SUPPORT — The Wall Street Journal writes about a support group for women with atypical femur fractures. “Jennifer Schneider, a Tucson physician whose thigh broke on the New York City subway in 2001, started an online support group for atypical femur fracture sufferers.”

-ON THAT NOTE — The Wall Street Journal reports: “Use of osteoporosis drugs, once heavily advertised by celebrity spokeswomen, has dropped by more than 50% in recent years amid reports of such serious side effects as sudden bone fractures. Yet many experts say the benefits of the drugs, known as bisphosphonates, far outweigh the risks for many users.”

-IRONY IN MEDICINE — Many readers tell me they once lived in Massachusetts, so here is a story from the New York Times about the irony of Massachusetts General, a hospital founded for the poor, embracing a concierge model, an option for the rich. “For $6,000 a year (and whatever their insurance pays), patients in its new Concierge Medicine Practice will get round-the-clock access to their doctors (initially, there will be three in the practice), as well as personalized nutritional, exercise and wellness counseling.”

-HEAVEN FORBID — Catholic leaders in Zika-affected nations are warning women against using contraceptives or having abortions, even as health officials are advising women not to get pregnant because of the risk of birth defects, according to The New York Times.

-A TREND PIECE — The adult diaper market is set to explode, according to Bloomberg Business. “We’re trying to make the product more normal, and even fun, with real people in our ads saying, ‘Hey, I have bladder leakage, and it’s no big deal,’ ” says Jay Gottleib, head of Kimberly-Clark’s adult and feminine-care business in North America.

-RACE IN MEDICINE — TED has a video in which social justice advocate and law scholar Dorothy Roberts says race-based medicine is bad medicine. “Even today, many doctors still use race as a medical shortcut; they make important decisions about things like pain tolerance based on a patient's skin color instead of medical observation and measurement.”

-THE GROWING GAP — The New York Times reports: “Despite big advances in medicine, technology and education, the longevity gap between high-income and low-income Americans has been widening sharply.”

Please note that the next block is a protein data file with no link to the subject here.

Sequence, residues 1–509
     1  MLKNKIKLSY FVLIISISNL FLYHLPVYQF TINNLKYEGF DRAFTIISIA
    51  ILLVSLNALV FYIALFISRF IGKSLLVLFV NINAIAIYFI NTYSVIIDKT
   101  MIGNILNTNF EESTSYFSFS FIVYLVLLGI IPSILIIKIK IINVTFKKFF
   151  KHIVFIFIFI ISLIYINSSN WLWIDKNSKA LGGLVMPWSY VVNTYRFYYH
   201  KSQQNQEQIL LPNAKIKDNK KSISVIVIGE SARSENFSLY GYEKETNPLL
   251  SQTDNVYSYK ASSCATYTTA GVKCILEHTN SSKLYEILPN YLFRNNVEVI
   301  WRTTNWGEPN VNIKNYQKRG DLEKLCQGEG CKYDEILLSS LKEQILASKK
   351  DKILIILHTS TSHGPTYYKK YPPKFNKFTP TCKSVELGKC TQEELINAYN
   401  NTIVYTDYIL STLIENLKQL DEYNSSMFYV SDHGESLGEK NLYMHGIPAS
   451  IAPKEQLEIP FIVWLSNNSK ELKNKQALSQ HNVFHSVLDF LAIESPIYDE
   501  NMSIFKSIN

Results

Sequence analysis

-REINSURANCE — The Centers for Medicare and Medicaid Services is expecting to pay out $7.7 billion to 2015 health plans under Obamacare's reinsurance program, which provides a financial safety net to companies that attracted expensive customers, according to POLITICO. “The payments will be funded by $5.5 billion collected from health plans last year, $1 billion CMS expects to collect this year, and part of the $1.7 billion left over from 2014, the agency said today. The leftover funds, expected to be $500 million, will be used for administrative costs or returned to the federal treasury.”

-OBAMACARE ON THE FARM — Contractors who provide farm labor and must now offer workers health insurance are complaining loudly about the cost in their already low-margin business, according to NPR.

TODAY'S TIP — Comes from the Cleveland Clinic: “Minority men. Don’t take your health for granted. Start with these tips.”


-COLOMBIAN HEROIN USE — New York University's Center for Drug Use and HIV Research (CDUHR) and NDRI, Inc., surveyed heroin users in two Colombian cities to see how whether they shared needles, and why.

-WHAT WE’VE LEARNED — Dr. Arthur Caplan, a medical ethicist at NYU Langone and Dr. Amrit Ray, who works with Janssen, a New Jersey-based pharmaceutical company, wrote an opinion piece for JAMA touting their partnership, which helps patients receive drugs that remain under trial.

-TYLENOL DURING PREGNANCY — Taking Tylenol (acetaminophen) during pregnancy is associated with a slight increase in the risk for asthma in offspring, according to a study in the International Journal of Epidemiology, reported on by The New York Times.

MISSED A ROUNDUP? Get caught up here: 2/12, 2/11, 2/10, 2/9, 2/8